Yin and Yang 

Yin and Yang ExamplesThe Yin and Yang examples are Newton Fractals based on the equation Carlson  Newton 2. They support 3D shading based on the sample point's angle to create what looks like a 3D relief projecting from the fractal surface. Zoom In/OutZoom In or Zoom Out to examine different parts of the fractal. Execute the Home command on the View menu of the Fractal Window to reset the fractal to the default position/magnification, and then Zoom In to other areas. Remember that as you Zoom In, you may need to increase the Max Dwell property found in the Orbit Generation section of the General page. Change the Julia ConstantYou can generate other Julia Fractals based on the same equation. Select the Fractal Equation:
General Uncheck the Julia checkbox, execute the Home command on the View menu of the Fractal Window to reset the Mandelbrot fractal to the default position/magnification, and use the Preview Julia command to explore the Mandelbrot's many different Julia Fractals. See Working with Julia Fractals for details. Important: The Mandelbrot fractal will be displayed in grayscale but when you use the Preview Julia command, the resulting Julia Fractal will be in color. Alternatively, you can change the Julia Constant property on the Fractal Equation page, and then click the Preview Fractal toolbar button on the Properties Window to generate a preview of your change in the Preview Window. Change the Fractal EquationYou can change the Fractal Equation used to generate the fractal. Select the Fractal Equation:
General Change the Based On property to one of the following Fractal Equations:
Then execute the Home command on the View menu of the Fractal Window to reset the Mandelbrot fractal to the default position/magnification, and use the Preview Julia command to explore the Mandelbrot's many different Julia Fractals. See Working with Julia Fractals for details. Important: The Mandelbrot fractal will be displayed in grayscale but when you use the Preview Julia command, the resulting Julia Fractal will be in color. Remember to navigate to the properties page for the equation (found under the equation in the page hierarchy) and play with the different properties found there. Many of the equations support properties that can be used to generate lots of different variations. Change the TransformationYou can apply a transformation to the fractal. Execute the Home command on the View menu of the Fractal Window to reset the fractal to the default position/magnification before you adjust the transformation. Then change the transformation and Zoom In to interesting areas of the transformed image. To change the transformation applied to the fractal, select the transformation's properties page:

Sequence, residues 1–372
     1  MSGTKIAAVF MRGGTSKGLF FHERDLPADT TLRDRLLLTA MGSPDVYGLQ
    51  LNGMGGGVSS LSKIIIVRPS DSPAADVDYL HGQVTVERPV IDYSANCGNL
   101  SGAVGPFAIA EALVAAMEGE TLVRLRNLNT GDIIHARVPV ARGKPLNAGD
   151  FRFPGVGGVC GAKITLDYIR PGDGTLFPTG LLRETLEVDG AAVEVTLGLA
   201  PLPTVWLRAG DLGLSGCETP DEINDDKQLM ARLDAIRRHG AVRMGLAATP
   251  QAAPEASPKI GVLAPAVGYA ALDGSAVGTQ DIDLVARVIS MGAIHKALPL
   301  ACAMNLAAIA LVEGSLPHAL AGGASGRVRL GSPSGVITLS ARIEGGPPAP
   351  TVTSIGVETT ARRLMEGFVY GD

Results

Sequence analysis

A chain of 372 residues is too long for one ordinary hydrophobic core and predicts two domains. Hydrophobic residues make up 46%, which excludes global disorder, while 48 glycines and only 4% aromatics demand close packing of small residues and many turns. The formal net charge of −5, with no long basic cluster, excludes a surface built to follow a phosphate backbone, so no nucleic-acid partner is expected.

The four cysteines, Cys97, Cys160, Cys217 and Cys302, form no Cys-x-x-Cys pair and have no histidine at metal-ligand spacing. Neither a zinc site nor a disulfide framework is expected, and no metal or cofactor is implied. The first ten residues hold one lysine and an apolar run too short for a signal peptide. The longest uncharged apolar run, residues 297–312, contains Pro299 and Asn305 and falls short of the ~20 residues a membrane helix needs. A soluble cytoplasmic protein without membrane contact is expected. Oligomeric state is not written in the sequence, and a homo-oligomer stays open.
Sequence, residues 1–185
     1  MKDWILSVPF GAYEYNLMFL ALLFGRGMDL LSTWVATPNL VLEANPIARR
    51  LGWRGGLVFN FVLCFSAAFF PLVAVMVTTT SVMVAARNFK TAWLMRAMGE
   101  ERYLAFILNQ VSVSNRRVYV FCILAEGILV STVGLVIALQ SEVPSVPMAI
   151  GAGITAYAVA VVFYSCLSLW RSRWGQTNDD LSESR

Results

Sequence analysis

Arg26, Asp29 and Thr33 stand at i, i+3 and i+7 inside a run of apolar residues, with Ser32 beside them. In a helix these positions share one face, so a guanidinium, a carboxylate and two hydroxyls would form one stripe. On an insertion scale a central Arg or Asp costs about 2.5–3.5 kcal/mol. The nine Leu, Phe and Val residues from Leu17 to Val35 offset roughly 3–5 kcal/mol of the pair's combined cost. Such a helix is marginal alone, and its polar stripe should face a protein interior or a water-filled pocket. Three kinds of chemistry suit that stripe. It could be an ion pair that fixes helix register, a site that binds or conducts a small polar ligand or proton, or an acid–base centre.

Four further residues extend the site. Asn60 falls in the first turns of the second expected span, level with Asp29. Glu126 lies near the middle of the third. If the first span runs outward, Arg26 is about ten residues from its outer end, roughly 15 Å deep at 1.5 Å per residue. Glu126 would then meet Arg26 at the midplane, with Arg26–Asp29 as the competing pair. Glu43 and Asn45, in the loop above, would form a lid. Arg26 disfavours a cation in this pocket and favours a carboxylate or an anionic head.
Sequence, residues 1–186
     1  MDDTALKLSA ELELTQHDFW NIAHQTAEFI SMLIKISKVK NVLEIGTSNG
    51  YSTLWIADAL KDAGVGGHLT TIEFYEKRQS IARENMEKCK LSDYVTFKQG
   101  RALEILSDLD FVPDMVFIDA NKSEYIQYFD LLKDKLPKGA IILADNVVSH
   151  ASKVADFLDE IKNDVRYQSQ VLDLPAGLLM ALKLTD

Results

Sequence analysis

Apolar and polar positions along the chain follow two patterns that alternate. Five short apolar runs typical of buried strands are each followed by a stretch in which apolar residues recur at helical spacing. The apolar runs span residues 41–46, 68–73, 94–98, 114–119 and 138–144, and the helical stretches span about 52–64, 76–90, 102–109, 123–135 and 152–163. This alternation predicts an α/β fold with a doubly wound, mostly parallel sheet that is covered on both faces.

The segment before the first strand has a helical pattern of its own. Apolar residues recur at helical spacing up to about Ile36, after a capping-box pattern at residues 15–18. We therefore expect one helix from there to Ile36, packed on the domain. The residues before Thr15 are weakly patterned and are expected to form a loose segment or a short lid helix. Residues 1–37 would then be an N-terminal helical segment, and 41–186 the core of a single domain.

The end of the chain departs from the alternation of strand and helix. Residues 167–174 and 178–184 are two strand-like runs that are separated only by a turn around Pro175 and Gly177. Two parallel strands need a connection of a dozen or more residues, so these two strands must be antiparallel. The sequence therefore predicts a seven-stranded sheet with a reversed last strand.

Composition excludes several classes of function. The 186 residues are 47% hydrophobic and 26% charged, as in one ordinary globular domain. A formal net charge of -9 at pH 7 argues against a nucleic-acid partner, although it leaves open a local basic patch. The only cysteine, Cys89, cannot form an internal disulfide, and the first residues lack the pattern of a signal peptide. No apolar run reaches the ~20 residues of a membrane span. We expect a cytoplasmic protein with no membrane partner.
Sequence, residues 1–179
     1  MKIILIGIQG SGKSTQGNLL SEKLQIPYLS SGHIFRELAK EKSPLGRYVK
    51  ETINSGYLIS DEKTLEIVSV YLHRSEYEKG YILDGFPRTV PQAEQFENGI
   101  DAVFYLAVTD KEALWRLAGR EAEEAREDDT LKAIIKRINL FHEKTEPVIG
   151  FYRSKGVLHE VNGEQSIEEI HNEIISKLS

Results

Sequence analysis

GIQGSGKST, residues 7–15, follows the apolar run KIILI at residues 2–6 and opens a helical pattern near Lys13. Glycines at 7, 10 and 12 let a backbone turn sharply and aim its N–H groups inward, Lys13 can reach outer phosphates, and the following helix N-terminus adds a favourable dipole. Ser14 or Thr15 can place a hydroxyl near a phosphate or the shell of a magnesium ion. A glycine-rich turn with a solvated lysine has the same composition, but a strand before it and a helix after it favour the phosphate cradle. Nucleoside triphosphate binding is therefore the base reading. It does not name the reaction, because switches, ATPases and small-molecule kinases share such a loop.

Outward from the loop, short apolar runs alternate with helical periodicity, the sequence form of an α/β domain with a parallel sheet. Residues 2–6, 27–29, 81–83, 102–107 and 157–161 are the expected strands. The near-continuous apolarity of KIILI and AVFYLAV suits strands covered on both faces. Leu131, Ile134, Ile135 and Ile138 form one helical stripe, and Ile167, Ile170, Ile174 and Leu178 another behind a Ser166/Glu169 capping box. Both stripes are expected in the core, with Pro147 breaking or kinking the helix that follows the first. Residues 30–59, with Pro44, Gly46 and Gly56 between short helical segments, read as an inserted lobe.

General Set the F(z) property to one of the complex functions in the list. You can change some of the other properties on this page for more variations. You can also use a different transformation altogether. Select the Composite Function page, and change the Based On property to select a transformation and then open the transformation's properties page (found under the transformation in the page hierarchy), and play with the transformation's properties. See Transformation Support for details. To add additional transformations, select Transformation:
General Click the New toolbar button to add a new Identity transformation to the bottom of the list, and then click the Move Up toolbar button to move the new transformation to the desired position in the list. Normally, I move the new transformation to the top of the list, but it can be placed anywhere. See Transformation Array for details. Then select the Identity transformation:
General Change the Based On property to select a transformation and then open the transformation's properties page (found under the transformation in the page hierarchy), and play with the transformation's properties. See Transformation Support for details. Play with ColorTo play with color, select the color controller's General Options properties page:
General
Set Colors to the number of colors you want to use.
Then click the Color Map to set the colors. Set
Roots to the number of roots associated with the Fractal Equation
you are using, and then for each root index, set the Color
Index and Offset Angle properties. The
Color Index is the index into the
Color Map used for the given root and sets the
color for areas associated with that root. Offset Angle
is used to invert the 3D relief for a given root. You will need to experiment
with these selections to find the best combination for a given Newton (Julia)
fractal. 
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